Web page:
The Packard® Motor Car Foundation
               Providing for the Future

    Welcome to the Timing Stand Restoration Progress Page

   Packard club news bulletin editor, Craig Handley, visited the Proving grounds site recently to see the progress at the Timing Stand and kindly supplied us with the following written  words and photos.  "Visitors to the PAC  2006 National Meet this summer will see many improvements at the Packard Proving Grounds. One of the most remarkable transformations is taking place at the timing stand, which is arguably one of the most recognizable features at the site.   The photo with the red 1936 model is from an original company advertisement and shows the timing stand in its prime.

     "This structure, dedicated in 1928, has probably suffered most from decades of neglect. As the roof deteriorated, rain water collected in the southern portion of the building, rotting out the wooden sills. Over time, the timing stand of Packard began to look more like the Leaning Tower of Pisa.  Several years ago, Neal Porter spearheaded an effort to temporarily shore up the structure with two-by-fours, enclose the upper deck with plywood and tarp the leaking roof until proper restoration could be done.  The photo shows the stand before restoration began.     That restoration effort finally began this winter (2006).  The weather in January was unusually mild, enabling work crews headed by Bruce Webster and Alan Mabbott to begin bringing this famous structure back to life.   Basement jacks were used to lift the building so that the rotted timbers could be replaced. This also required digging a trench around the entire perimeter. To the casual eye, the stand appears to have sunken into the ground, but actually the opposite happened. Decades of soil erosion from strong, westerly winds made the soil build up several inches around the structure. The bottom row of shingles became partially buried, causing them to rot. Plans are underway to re-grade this area after the restoration is complete. Once the building was once again on solid footing, chains and a ratcheted pulling device known as a “come-along” were used to slowly square the structure.    The upper portion of the stairs were rotted and unsafe.  The stairs were restored, using as much of the original material as possible and duplicating the original design, making it possible to ascend to the upper platform once more. This was no easy task. Measuring and cutting pieces for a circular staircase inside an octagonal building can be a bit of a challenge.  Former Packard test driver Carl Altz recently stopped by to check on the progress being made and couldn't wait to climb the newly restored stairs to the upper observation deck. Not bad for a 96-year old!  Bruce Webster snapped a photo of him.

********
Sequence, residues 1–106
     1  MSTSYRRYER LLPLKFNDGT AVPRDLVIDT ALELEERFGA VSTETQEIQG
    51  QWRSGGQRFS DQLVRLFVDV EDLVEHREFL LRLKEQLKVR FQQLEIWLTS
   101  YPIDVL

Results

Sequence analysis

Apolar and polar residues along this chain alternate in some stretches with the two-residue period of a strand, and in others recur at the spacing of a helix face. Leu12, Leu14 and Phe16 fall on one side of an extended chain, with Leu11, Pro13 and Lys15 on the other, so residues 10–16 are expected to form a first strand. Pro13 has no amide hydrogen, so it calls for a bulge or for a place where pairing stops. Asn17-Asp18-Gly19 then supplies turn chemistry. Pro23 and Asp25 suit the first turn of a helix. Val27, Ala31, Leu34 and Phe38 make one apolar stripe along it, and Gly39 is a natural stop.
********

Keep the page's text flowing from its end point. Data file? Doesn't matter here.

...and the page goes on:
"The crew is following historic preservation guidelines, which require preserving original materials whenever possible. However, several pieces were unsalvageable due to rot including the upper and lower sills of the observation deck which are being replaced with exact duplicates. The columns were in relatively good shape, except for the upper and lower trim pieces. These were expertly recreated exactly like the originals by Tom Asmus and Bill Kroger. The columns are hollow and are given structural strength by thick steel rods that resemble boat oars. The “paddle” portion is bolted to the lower wall stud with four bolts and the rod runs up though each column center. The rod end is threaded and a nut is used to secure the column to the upper sill and roof assembly. These rods were in good shape and were given a fresh coat of paint before they were reinstalled.  

     "Another point of interest is the western portion of the lower wall (facing the test track). During WWII, a tank crashed into this portion of the stand. Materials were scarce during wartime and plywood was used to repair the damage. Unfortunately, the plywood didn’t fit properly and moisture damaged this area as well. Rather than replacing the non-original plywood, this area will be restored to its original configuration. The original roof shingles were of a length that is not commonly available on the market today, so a special order was placed to have the proper length shingles supplied.  All of the structural repairs have been made, the new roof shingles have been applied and many hours of scraping and painting have been done.  The timing stand is well on its way to once again being a showplace at the Packard Proving Grounds Historic Site.  The photo of Bob Valpey's 1929 Murphy towncar taken during the PAC National Meet last summer says it all."  HISTORICAL FOOTNOTE: Who were the original "Friends of the Timing Stand?"  CLICK HERE to find out.





Bruce Webster took these nice photos (below). On the left are 'The Elms of Honor' with Fall colors (2006) and on the right, with Winter snow (2007), looking down the main drive towards the flag pole.  This view from the upper deck of the Timing Stand shows the interesting 'Packard Radiator Shape' of the median planting area.


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